Today’s top stories in the morning papers in Korea (June 10, 2016)

Round-up: Today’s top stories in the morning papers in Korea (June 10, 2016)

 

1.South Korean police did not permit the Sewol Ferry tragedy-related assembly while they allowed the Parent Federation assembly. They allowed all of 3,580 assemblies made by the Parent Federation in the last three years.

Police must have been good to their parents. They are worth receiving the filial piety award.

 

2. As a prolonged economic downturn continues, South Koreans are having a difficult time making a living. In particular, people in their 20s and 30s start up a relatively easier cafe business, which raises concerns that they will follow the same suit of people in their 50s and 60s who went bankrupt because they start up a chicken restaurant.

So starting up a café business is the job support for youngsters, isn’t it? The government spends too much money on training barristers.

 

3.Three in ten convenience stores in Seoul illegally sell tobaccos to teenagers. The stores sell cigarettes to these youngsters during weekday mornings when store owners presume these teenagers are in school.

Are convenience stores enjoying its economic boom because of that? Please check their identification before it is too late.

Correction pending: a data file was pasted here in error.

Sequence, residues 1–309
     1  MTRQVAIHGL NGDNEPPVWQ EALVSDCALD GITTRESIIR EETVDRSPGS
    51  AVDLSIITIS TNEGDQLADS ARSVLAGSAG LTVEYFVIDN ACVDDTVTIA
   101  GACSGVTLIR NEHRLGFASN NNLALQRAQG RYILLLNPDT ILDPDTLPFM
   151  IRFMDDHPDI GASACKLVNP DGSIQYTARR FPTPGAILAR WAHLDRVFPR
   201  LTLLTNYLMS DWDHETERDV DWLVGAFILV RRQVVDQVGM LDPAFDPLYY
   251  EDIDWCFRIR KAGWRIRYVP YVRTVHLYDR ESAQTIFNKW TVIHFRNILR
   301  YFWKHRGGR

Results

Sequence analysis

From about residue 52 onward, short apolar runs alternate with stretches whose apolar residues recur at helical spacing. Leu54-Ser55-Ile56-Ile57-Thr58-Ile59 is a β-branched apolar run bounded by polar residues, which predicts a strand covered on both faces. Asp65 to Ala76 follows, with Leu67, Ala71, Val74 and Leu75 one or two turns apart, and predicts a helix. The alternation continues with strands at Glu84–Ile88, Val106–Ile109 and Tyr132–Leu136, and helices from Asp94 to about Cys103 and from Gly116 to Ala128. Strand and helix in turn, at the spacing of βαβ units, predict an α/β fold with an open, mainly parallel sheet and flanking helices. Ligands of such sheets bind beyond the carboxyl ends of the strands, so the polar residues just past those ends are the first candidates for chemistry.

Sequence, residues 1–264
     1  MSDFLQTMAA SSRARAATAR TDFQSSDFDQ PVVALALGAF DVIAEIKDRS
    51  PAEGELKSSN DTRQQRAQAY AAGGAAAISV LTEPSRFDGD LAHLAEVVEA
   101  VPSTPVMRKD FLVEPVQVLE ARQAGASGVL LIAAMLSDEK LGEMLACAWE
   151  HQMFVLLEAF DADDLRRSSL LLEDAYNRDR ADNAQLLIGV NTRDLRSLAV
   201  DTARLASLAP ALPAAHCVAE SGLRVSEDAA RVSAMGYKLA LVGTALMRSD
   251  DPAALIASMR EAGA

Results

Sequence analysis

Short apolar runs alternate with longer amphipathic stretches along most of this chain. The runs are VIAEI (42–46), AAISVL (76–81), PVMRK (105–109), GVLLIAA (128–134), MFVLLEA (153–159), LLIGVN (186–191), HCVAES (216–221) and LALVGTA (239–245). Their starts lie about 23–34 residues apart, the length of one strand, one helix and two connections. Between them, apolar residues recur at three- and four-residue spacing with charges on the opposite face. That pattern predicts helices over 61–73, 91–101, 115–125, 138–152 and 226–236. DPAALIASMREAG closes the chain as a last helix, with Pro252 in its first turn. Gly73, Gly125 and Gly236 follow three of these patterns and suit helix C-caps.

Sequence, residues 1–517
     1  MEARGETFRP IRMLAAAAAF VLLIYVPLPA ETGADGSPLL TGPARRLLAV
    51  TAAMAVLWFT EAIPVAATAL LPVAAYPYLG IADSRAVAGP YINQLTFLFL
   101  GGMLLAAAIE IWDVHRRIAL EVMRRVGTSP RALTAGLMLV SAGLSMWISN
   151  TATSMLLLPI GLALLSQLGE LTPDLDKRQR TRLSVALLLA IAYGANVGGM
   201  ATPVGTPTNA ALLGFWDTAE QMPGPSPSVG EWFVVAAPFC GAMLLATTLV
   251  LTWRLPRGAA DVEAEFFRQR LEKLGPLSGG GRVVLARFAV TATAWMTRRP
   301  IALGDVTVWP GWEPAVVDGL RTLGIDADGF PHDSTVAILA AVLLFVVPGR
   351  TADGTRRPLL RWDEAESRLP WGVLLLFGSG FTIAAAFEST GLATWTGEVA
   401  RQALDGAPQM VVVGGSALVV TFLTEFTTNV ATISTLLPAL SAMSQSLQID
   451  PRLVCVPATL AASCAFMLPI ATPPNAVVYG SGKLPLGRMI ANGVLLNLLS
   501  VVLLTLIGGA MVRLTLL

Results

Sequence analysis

4. The South Korean government recently bans on the use of toothpaste and gargle solutions as these products are known to contain carcinogenic substances. The government prohibited the use of toothpaste, gargle solutions, and wet tissues for infants’ oral cavity if these products contain triclosan, a harmful substance.

What? We have been holding the poison in our mouth. The thought of holding the poison makes me swear.

 

5. Imported-snacks make inroads into Korea’s domestic snack food market. The snack food industry in Korea tries their best to regain consumer confidence by increasing the amount of product to get rid of their bad reputation, the so-called ‘nitrogen snacks.’ Despite their efforts, the increased sales of imported goods threatened the Korean-made snacks.

Well, Korean companies should be aware of the value of domestic customers before. Regaining consumer confidence is one of the difficult challenges in the world.

 

http://www.gobalnews.com/bbs/list.html?table=bbs_14&idxno=20301&page=1&total=7996&sc_area=&sc_word=

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